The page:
Using mirror neurons to learn Taijiquan

by Richard Johnson on 2015/07/21

Richard JohnsonShifu Chen Zhonghua often emphasizes how to learn Taijiquan. This web site has a great article called 6 Methods of Learning Tai Chi. (Read this if you hav not already.) It expands and elaborates on Grandmaster Hong’s Look, Listen, Ask, practice method.

I am working on a PhD in Exercise Science – Sports Biomechanics at Auburn University. A related field that I have also studied is motor control.  In motor control research, I found the neurological basis for this method of learning.

There are neurological mechanisms called mirror neurons. The basic premise is when we see a person do something, mirror neurons fire off in our brain duplicating the pattern in the nervous system required to copy the movement. It is not a perfect copy at first, but with repeated viewing of the action, our brains and nervous system do a really good job of copying the movement.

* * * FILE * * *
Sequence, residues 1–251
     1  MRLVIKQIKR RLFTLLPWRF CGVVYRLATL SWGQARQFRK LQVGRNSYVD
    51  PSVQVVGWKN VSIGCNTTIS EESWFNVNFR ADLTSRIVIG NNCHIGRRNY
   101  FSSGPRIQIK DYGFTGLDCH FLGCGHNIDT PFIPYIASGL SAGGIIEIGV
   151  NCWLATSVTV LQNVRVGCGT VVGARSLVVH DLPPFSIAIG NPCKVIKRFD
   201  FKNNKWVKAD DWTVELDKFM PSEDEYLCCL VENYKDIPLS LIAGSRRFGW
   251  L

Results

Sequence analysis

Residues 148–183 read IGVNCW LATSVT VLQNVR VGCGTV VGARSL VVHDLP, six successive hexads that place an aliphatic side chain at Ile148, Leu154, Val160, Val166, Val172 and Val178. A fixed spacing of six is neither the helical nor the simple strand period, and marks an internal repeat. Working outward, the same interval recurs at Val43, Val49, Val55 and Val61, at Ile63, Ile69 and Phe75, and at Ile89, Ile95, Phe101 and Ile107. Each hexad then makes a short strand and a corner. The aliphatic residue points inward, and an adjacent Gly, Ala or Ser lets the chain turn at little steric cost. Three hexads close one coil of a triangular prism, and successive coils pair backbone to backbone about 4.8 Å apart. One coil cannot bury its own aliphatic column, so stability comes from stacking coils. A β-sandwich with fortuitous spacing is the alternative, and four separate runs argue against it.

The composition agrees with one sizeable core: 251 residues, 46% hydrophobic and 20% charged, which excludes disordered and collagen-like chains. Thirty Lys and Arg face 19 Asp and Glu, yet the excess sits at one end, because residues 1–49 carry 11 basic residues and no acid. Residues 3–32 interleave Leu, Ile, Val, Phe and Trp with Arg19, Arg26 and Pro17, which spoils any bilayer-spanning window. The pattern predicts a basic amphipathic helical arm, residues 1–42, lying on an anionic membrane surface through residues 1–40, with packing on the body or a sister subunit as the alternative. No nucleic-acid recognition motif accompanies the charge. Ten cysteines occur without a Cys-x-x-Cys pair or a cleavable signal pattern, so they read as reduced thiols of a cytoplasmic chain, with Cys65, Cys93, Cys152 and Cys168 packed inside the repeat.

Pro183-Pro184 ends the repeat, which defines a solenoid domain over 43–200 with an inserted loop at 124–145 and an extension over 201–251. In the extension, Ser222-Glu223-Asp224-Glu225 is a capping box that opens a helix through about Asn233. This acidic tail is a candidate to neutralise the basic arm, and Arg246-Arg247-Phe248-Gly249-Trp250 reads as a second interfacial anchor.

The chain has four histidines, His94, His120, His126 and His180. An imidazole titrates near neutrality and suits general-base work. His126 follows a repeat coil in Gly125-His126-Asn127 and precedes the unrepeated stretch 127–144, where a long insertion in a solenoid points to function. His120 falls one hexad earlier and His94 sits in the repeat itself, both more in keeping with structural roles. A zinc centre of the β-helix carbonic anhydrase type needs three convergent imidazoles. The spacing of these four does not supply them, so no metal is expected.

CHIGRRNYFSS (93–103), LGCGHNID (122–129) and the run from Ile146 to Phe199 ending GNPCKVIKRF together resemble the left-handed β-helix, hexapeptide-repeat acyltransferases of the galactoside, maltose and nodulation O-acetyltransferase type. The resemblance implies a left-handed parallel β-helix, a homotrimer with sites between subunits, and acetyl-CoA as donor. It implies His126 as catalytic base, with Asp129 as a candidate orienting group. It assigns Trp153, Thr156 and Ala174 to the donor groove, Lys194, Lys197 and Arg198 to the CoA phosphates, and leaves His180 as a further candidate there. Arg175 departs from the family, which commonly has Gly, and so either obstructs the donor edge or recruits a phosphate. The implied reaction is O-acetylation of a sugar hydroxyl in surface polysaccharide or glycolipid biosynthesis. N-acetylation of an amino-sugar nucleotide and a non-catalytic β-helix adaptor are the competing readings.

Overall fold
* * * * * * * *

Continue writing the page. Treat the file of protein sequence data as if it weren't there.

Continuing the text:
We see this in infants, children, and adults. Infant children often take an interest in their parents eating, they frequently watch very intently. Their attention is so keen that their mouths involuntarily mimic the chewing action. Neurologists think that most physical actions and facial expressions are learned through the mirror neuron mechanism. This mechanism of learning is never lost during a lifetime.

154460-158306Most of us have a layer of cultural baggage that makes this method of learning difficult. We have been taught that we need to “understand” things in the cognitive centers of our brains before we can do them. I have even heard Taijiquan called “the thinking man’s martial art”. It may be disconcerting to just watch and bypass the conscious thinking parts of our brain.